The word “endodontic” (the specialty related to root canals) comes from two Greek words meaning “inside” and “tooth”. The first signs of human beings treating the “inside of the tooth” or the root canal were believed to be around the second or third century B.C. This notion is founded on the discovery of a skull found in Israel’s Negev Desert with a bronze wire discovered inside a tooth. Scientists believe this wire signifies early techniques to treat infected root canals.

Archaeologists think this early dental work was performed by the Romans, who are known to have invented crowns and dentures.

Two hundred to three hundred years after what was believed to be the first attempt at treating root canals, archaeological findings indicate root canal infections were drained as a pain relief measure. This was a practice that is believed to be the primary treatment for infected root canals up until the 1600s.

With time, the anatomy of the root canal was better understood and technology became advanced creating more effective techniques in handling root canal issues. Worthy of noting, one technique included removing the infected root and filling it with gold, or even, asbestos.

The first illustrated anatomy of the root canal arrived in the mid-1800s. Different 3D models of the root canal were created with metal, celluloid or paraffin throughout the 20th century.

In the early 1900’s, x-rays were introduced, as were anesthetics. This progress allowed people to save their teeth as opposed to the prior method of removing them completely.

To accelerate the learning and research of endodontic science the American Association of Endodontics (AAE) was founded in 1943.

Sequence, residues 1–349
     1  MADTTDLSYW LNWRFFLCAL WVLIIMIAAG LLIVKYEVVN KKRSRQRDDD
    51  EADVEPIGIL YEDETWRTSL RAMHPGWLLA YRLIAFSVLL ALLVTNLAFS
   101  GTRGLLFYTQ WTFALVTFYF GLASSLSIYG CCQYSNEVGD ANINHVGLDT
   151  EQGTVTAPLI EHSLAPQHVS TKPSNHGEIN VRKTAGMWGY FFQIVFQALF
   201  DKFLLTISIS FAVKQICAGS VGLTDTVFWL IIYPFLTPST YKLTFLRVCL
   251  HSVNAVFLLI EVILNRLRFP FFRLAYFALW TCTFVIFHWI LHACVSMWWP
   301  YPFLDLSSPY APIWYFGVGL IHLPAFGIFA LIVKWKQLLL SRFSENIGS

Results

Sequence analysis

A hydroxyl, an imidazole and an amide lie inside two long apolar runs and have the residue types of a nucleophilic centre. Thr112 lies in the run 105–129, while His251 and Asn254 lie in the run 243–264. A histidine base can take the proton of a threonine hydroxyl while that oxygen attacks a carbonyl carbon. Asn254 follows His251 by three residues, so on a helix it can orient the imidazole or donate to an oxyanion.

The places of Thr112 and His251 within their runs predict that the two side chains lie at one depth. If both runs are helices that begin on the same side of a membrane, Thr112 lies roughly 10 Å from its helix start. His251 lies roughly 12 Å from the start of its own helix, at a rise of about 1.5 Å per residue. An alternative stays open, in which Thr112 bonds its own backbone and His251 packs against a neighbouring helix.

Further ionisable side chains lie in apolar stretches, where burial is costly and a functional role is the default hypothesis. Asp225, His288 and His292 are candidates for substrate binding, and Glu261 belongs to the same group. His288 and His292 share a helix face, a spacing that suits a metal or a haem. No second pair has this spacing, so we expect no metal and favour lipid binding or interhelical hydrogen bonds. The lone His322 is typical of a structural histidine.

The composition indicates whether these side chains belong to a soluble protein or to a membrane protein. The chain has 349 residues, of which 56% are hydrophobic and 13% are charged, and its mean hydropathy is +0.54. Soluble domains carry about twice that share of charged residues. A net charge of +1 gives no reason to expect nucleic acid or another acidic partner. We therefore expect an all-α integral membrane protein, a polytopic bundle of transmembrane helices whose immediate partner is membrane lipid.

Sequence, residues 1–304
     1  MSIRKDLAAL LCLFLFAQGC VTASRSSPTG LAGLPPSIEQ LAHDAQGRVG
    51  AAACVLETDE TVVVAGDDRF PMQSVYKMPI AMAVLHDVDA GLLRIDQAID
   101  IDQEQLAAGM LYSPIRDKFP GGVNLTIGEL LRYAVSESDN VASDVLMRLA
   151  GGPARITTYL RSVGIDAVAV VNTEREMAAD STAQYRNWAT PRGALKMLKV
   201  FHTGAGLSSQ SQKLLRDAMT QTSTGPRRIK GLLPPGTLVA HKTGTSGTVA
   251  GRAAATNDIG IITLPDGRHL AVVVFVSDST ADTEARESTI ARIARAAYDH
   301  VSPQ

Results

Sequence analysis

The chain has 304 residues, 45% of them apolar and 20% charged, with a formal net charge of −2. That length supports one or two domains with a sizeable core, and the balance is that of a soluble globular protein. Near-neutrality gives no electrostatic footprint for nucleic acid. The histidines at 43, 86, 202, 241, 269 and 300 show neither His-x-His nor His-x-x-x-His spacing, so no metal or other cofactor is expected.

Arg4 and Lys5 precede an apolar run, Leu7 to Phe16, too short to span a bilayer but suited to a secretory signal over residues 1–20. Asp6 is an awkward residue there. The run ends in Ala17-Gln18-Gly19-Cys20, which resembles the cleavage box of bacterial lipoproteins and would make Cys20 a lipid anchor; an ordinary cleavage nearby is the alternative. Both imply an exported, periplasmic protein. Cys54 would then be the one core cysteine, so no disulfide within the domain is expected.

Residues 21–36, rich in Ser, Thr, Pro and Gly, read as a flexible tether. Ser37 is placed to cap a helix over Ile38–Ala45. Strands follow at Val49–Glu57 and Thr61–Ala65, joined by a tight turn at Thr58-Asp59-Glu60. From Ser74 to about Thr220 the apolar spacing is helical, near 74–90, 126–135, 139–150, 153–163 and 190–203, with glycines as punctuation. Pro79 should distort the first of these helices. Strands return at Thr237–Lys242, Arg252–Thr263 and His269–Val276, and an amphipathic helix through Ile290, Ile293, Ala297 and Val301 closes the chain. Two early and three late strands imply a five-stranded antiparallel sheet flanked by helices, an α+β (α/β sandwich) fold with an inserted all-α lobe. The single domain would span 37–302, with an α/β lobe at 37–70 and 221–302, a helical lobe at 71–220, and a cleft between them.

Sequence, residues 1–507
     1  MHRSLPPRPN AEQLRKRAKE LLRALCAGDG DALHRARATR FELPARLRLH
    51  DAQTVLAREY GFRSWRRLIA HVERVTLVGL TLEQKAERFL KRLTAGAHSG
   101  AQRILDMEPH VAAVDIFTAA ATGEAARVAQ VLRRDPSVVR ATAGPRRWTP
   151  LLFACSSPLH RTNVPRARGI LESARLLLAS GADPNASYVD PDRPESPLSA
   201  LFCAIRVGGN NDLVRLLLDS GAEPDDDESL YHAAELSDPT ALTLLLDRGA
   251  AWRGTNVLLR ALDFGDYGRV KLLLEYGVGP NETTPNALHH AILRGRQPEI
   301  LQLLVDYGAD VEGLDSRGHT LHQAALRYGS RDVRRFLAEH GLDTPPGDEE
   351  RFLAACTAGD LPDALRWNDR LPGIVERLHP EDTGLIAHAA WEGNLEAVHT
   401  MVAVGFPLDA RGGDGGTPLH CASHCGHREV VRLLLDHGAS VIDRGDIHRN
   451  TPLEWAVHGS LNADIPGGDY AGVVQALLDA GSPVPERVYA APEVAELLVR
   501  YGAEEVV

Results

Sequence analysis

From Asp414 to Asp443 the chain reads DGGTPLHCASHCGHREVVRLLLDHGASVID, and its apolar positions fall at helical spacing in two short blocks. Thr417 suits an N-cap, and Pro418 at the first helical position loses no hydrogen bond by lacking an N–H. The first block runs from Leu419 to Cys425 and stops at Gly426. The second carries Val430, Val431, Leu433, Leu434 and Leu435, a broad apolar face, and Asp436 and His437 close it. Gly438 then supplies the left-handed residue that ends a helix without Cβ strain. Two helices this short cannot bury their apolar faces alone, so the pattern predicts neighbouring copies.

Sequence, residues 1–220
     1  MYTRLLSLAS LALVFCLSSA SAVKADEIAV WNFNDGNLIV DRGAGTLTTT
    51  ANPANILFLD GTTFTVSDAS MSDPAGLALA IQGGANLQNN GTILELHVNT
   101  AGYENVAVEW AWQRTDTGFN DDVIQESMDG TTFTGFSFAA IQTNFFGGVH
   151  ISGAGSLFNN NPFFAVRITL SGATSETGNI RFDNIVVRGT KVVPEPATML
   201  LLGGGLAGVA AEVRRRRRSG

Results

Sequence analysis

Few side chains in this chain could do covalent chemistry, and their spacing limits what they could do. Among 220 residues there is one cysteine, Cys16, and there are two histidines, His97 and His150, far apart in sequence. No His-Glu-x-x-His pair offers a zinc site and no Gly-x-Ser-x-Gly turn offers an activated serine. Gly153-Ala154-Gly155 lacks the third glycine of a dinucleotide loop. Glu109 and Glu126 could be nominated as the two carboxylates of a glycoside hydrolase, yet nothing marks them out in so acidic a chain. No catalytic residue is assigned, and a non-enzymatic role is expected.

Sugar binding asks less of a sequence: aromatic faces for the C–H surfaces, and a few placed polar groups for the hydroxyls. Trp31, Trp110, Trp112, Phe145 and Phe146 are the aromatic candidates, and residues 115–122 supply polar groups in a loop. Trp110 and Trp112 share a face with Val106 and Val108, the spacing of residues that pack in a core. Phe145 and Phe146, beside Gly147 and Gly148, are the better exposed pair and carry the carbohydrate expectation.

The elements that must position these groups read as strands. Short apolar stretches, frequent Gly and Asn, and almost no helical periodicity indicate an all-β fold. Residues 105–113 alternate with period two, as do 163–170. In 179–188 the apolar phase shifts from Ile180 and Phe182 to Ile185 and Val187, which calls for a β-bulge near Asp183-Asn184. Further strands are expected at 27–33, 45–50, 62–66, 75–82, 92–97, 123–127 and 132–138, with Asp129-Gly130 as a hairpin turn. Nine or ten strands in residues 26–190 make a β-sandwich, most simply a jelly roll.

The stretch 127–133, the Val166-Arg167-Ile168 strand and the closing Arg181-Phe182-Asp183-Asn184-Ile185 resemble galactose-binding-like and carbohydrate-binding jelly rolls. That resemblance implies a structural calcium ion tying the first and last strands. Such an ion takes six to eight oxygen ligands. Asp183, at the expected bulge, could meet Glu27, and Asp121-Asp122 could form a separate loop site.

With similar intentions as the AAE, dental manufacturers joined forces in the late 1950s to standardize the technology, materials and processes utilized to treat infected and decaying root canals.

All of these efforts contributed to the American Dental Association (ADA) recognizing Endodontics as a specialty practice within the dental field shortly thereafter.

Today’s root canal technology is far different than that experienced by dental patients even 50 years ago. Now, root canal treatments are pain free with numerous options available to help eliminate and reduce any post-treatment discomfort during the healing process.

East Coast Endodontics offers Richmond, Virginia the highest quality root canal surgery, root canals and root canal therapies. To schedule an appointment or discuss possible treatments, please contact us at: 804.559.3636.

About the Author

Dr. Harris has been a practicing dentist since 2005. In 2012, he received his Master’s of Science in Dentistry and a certificate in Endodontics. He founded East Coast Endodontics shortly after receiving his master’s degree. He also currently holds a part-time position as a Clinical Assistant Professor for the Endodontics department at Virginia Commonwealth University. View his full bio.